Archive for the ‘Pere Ubu’ Category

Noiseweek: Sunn O))), My Disco, Iceage, Pere Ubu, Heads.

Saturday, August 22nd, 2015

The sights, sounds and words of the week in noise.


South Of No North: Greg Anderson Of Sunn O))) & Goatsnake Interviewed | The Quietus

“Honestly, I’m both surprised and grateful about it every single day. When we first started no one, and I mean no one, really cared. And, if I’m to be really, really honest, we didn’t really care. Especially about what people thought. We just wanted to experiment and play music together, really the audience, the idea that people would actually listen to it was kind of an afterthought, we were really making music for ourselves – in some ways Sunn O))) is a very selfish project. I mean, we weren’t even sure if we were ever going to play live, we imagined that it would just remain a studio project. And then when we did start playing live eventually it really started connecting with people and honestly that kind of gave me a lot of hope for people because it’s obviously very difficult, very challenging music – I was like, ‘Wow! People can get into this? That’s awesome!’ Because you wouldn’t expect most people – or really anyone – to be that into it. So yeah, I totally see where you’re coming from and I kind of agree. I think Sunn O))) somehow connects with people on this super primal level – it’s very real, but at the same time the music helps create this alternate reality, and people seem to want to be in that dimension for a couple of hours or so.”

Does Anybody Even Have Time For An 80-Minute Album? | NPR

“It’s interesting to think about the different ways that album length has evolved over time. For most of history in the album era, it was defined by format — first the 45 minutes or so of an LP, then the 80 minutes of a CD. In the LP era, you really had to justify the additional expense of production and the fact that you’d have to charge more. With CDs, that was no longer an issue, and in the ‘90s in particular you had some people feeling “ripped off” if an album only had 45 minutes of music, so in some cases artists would put on CD-only bonus tracks to make it seem like they were making the most of the format. But then of course file sharing and digital files changed all that, and suddenly, you could have albums be as long or short as you wanted very easily. There was an initial trend toward shorter releases, experimenting with a four-song or eight-song release, like the mini-albums Robyn released in the run-up to Body Talk.

But the longer albums now, in a lot of cases, and especially in all of these cases you mentioned, is a way to say, “This is important. You are going to have to spend time with this.” It’s a little harder to make an “event” out of a release if it’s 35 minutes long. The initial feeing is, “This is all I could do.” Whereas these [long] releases convey the idea of sprawling masterpieces, and by extension, they are presented as demanding art. I do think that, even though artists want to say, “This should be taken whole,” in the vast majority of cases the albums are rarely ever experienced that way. It’s a little bit of a thing where artists present the work this way and the listeners kind of play along, and may even pay lip service to the idea, but probably the truth of it is that people are picking and choosing.”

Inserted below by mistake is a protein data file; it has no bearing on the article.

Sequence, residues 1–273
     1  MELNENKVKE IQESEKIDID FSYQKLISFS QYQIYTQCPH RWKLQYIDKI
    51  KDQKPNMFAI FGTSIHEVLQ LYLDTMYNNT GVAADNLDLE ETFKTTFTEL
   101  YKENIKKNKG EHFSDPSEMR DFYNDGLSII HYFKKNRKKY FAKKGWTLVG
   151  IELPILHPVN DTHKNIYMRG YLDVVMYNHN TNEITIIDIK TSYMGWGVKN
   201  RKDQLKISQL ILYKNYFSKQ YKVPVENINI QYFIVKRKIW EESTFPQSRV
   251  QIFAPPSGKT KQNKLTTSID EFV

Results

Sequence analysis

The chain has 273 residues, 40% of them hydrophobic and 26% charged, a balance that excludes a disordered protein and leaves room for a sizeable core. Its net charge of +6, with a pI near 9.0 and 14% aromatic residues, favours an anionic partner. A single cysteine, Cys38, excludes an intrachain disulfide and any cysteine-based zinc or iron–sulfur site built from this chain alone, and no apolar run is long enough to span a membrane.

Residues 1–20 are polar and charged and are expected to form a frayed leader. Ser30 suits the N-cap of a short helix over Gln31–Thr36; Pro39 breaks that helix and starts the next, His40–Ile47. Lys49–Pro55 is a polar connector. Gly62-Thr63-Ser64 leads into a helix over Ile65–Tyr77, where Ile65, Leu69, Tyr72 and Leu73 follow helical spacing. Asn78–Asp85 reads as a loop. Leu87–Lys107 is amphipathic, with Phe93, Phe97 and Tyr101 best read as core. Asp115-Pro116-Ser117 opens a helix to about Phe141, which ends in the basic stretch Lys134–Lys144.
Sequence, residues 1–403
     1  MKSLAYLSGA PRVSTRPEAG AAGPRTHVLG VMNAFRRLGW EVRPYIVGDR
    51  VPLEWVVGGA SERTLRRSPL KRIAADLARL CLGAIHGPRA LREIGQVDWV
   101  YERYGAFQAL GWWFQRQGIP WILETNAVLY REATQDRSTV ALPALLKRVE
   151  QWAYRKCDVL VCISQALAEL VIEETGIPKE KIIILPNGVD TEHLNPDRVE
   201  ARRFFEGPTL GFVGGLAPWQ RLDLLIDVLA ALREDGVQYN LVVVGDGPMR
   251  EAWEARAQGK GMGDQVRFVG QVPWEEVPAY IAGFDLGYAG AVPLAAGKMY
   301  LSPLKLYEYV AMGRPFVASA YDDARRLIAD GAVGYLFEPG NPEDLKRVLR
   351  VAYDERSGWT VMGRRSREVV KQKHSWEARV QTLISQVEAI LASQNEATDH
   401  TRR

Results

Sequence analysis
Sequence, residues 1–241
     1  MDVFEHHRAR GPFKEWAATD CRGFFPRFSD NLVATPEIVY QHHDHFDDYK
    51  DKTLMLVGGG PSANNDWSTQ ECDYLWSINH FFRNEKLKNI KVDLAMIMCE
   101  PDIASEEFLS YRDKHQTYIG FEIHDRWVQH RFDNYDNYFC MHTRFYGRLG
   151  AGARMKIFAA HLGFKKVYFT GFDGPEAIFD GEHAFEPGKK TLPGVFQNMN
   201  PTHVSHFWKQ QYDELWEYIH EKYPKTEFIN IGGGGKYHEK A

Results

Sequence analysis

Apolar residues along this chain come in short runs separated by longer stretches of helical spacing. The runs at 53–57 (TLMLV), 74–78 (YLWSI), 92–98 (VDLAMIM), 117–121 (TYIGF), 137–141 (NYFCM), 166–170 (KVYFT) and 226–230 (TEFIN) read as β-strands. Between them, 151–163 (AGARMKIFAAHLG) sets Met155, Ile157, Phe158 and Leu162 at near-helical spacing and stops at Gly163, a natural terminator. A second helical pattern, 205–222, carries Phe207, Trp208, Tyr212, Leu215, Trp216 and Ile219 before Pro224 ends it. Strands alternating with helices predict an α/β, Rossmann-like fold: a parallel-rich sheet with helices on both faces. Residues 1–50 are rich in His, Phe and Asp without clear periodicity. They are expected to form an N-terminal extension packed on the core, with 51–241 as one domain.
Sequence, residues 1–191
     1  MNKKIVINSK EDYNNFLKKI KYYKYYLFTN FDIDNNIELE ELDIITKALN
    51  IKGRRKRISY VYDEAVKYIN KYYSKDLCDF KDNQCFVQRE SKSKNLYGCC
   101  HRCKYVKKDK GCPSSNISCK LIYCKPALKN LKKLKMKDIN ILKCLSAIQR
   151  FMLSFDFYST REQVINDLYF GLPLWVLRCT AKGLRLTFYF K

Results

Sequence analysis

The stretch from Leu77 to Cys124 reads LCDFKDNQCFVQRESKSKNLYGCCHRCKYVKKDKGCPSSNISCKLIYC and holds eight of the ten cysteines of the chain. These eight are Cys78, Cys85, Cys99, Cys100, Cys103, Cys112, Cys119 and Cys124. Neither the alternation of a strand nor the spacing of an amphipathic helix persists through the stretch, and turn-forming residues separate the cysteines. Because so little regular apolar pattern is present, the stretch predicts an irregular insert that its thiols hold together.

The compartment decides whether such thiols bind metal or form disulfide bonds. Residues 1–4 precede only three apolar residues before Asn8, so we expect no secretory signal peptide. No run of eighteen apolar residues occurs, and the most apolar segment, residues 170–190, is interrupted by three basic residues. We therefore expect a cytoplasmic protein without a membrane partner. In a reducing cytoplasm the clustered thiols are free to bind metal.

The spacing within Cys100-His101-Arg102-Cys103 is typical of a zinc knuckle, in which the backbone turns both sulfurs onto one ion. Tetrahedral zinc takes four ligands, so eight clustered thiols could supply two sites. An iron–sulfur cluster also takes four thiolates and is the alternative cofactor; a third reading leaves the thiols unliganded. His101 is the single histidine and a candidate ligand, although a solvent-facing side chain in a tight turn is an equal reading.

Pere Ubu’s Dave Thomas talks being an underground legend and why he won’t call himself special | Noisey

“I don’t like photos. I don’t want to waste my time generating the limitless supply the industry requires. I know what I look like. I know what my mother looks like. I recognize her every time. What do I need a photo for? The government wants photos. Whatever the government wants I try to avoid. Good basic policy. I’m not in the business of being a pop star. I am a musician. The eye is a deceiver. It relies on the physical world and can be too easily fooled. It takes only 24 frames a second to deceive the eye into seeing real motion. It takes a minimum of 44,100 frames a second to deceive the ear. Sound is the authentic expression of human consciousness. The world is silent. Sound only happens inside the head of conscious beings. It is the by-product of consciousness. Why waste time with anything less?”


Heads. — At the Stake

Chris Breuer’s bass sounds like oozing pus, and I mean that as the highest compliment. Heads. imbue this slithering Melvins track with intoxicating menace thanks to the snarling tone of Ed Fraser’s flat-out evil intonations, along with his swampy guitar tones and the plodding rhythms. If the future of Heads. sounds more like this — brooding, meditative and plain evil — sign me up.

My Disco — King Sound

This is the the darkest track My Disco have ever made. While everything on 2010’s Little Joy was vibrant, King Sound is a faded strobe light in an empty prison cell. There’s a distinct Swans feel here, from the ritualistic rhythms to Liam Andrews’ prayer-like repetition of the song’s title. King Sound is taken from Severe, out October 30 through Temporary Residence.


Iceage — Untitled (Live at Pitchfork Festival)

Pitchfork saved the best footage of last month’s Chicago festival ’til last, finally uploading clips of Iceage performing this new, as-yet-untitled track alongside The Lord’s Favorite. Elias Bender Rønnenfelt is as magnetic as ever, slinking and slithering around the stage, singing from the floor and equal parts confidence and nonchalance. No one else right now is making music or playing shows that feel so fucking vital.